The official student newspaper of University of Wisconsin-Eau Claire since 1923.

The Spectator

The official student newspaper of University of Wisconsin-Eau Claire since 1923.

The Spectator

The official student newspaper of University of Wisconsin-Eau Claire since 1923.

The Spectator

EDITORIAL: Napster will be missed if it ever leaves

It’s going to happen. Sooner or later we all must say goodbye to that loveable service so many have called “the greatest thing ever invented in the history of the world.”

Napster, Inc. has done just about all it can do and it’s amazing the free mp3 downloading service has survived such a long battle. This is especially true since its enemy is one of the most dominating forces in the world – the Recording Industry Association of America.

The amount of court decisions and reversals this controversy has received is astounding. Every time the sun rises, the fate of Napster changes or is tweaked in one way or another.

Napster, in accordance with a court order, is working on ways to block copyrighted material from being transferred on the service.

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As expected, the closer the RIAA comes to shutting down the popular service, the more activity Napster receives.

The Associated Press reported that in the month of January, music fans downloaded 2.7 billion files using Napster – more than double September’s activity.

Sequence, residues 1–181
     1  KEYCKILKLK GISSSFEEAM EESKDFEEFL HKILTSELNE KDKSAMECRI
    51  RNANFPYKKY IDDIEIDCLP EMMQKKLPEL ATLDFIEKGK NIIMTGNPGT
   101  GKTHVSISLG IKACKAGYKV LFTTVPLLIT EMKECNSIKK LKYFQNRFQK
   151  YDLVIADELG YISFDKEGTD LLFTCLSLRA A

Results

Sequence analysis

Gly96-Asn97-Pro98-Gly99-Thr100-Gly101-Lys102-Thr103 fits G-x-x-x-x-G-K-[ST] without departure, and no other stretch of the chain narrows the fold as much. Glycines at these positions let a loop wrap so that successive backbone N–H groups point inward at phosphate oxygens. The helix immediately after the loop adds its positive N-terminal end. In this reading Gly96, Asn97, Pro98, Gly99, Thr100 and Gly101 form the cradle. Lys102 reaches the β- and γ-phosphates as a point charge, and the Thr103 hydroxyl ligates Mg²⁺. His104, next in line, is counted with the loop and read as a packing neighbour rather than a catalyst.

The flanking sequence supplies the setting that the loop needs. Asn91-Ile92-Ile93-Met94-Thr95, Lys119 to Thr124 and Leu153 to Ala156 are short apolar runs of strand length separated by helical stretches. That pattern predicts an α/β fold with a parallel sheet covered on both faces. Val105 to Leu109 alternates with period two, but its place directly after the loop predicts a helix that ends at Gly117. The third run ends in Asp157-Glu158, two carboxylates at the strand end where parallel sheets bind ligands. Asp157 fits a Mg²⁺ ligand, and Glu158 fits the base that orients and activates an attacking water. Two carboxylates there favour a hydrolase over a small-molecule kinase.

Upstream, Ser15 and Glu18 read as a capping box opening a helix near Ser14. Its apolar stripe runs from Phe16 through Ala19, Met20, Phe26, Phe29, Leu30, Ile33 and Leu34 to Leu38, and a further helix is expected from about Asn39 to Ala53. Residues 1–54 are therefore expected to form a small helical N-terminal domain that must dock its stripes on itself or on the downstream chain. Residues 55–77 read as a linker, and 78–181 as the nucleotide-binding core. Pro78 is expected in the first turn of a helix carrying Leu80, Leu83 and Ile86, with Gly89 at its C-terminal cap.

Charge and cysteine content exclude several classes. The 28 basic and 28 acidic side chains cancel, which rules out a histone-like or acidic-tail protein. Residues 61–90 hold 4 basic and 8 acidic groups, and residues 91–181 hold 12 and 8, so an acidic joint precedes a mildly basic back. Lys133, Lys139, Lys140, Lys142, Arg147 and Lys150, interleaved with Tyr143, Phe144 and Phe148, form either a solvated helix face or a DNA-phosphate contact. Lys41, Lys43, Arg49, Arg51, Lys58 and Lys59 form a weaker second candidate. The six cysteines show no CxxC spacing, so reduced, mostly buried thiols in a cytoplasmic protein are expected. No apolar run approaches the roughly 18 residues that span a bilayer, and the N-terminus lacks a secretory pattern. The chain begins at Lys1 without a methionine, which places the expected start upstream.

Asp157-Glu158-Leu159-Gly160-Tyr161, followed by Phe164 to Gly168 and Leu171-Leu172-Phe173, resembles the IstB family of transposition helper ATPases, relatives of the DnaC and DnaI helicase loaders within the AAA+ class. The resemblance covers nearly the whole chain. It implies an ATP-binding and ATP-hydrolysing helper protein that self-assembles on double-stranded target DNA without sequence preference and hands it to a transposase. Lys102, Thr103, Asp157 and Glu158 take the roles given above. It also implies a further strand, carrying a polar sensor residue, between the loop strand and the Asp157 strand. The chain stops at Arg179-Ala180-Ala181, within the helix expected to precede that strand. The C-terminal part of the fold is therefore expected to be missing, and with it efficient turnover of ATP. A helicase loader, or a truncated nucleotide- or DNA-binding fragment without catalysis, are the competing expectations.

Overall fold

In case you’re not good with numbers, 2.7 billion is a lot. Napster reportedly has more than 50 million users worldwide.

There are other Web sites that provide a similar service as Napster, but are in no way as popular and eventually will face the repercussions Napster is facing right now.

The reason for Napster’s popularity is simple and has been stated many times.

Music fans are sick of being ripped off. Everywhere fans go for music, there is some greedy corporate executive licking his or her chops at the potential profits. Everything from concert tickets to CDs, and even record stores are dominated by corporate conglomerates.

The RIAA has complained ferociously about how much money it is losing as a result of Napster. But how come nobody mentions how much money hard-working fans are losing buying over-priced merchandise?

Radio and television are lost causes. The best hour in music television is supposedly MTV’s Total Request Live, a show devoted to what record companies shove down the collective throats of today’s youth.

Sure, the argument can be made that the reason for such programming is because the “bands” are so popular. But the truth of the matter is that when people can’t escape something, they tend to get used to it and eventually begin to like it.

Napster, as corny as this sounds, should be seen as a martyr for the angry fans around the globe.

The service represents the failures of the large recording companies’ attempts to dominate the music scene. The RIAA has continually overlooked the most important aspect about its business – producing original on a consistent basis, and not spitting out bubble gum acts that will make some millionaire even richer.

When Napster goes down (and it will eventually, the recording industry is much too powerful), it will take with it the last remaining bit of dignity the RIAA has left.

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EDITORIAL: Napster will be missed if it ever leaves